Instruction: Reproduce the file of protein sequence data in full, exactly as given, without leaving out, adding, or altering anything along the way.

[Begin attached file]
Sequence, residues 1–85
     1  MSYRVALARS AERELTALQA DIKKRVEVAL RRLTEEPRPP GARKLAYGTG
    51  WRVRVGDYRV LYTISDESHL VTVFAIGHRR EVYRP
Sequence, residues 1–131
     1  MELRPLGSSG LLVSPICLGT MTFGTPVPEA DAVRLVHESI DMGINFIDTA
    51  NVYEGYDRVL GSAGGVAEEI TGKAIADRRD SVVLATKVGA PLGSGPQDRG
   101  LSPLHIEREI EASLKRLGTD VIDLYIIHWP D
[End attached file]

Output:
Sequence, residues 1–85
     1  MSYRVALARS AERELTALQA DIKKRVEVAL RRLTEEPRPP GARKLAYGTG
    51  WRVRVGDYRV LYTISDESHL VTVFAIGHRR EVYRP
Sequence, residues 1–131
     1  MELRPLGSSG LLVSPICLGT MTFGTPVPEA DAVRLVHESI DMGINFIDTA
    51  NVYEGYDRVL GSAGGVAEEI TGKAIADRRD SVVLATKVGA PLGSGPQDRG
   101  LSPLHIEREI EASLKRLGTD VIDLYIIHWP D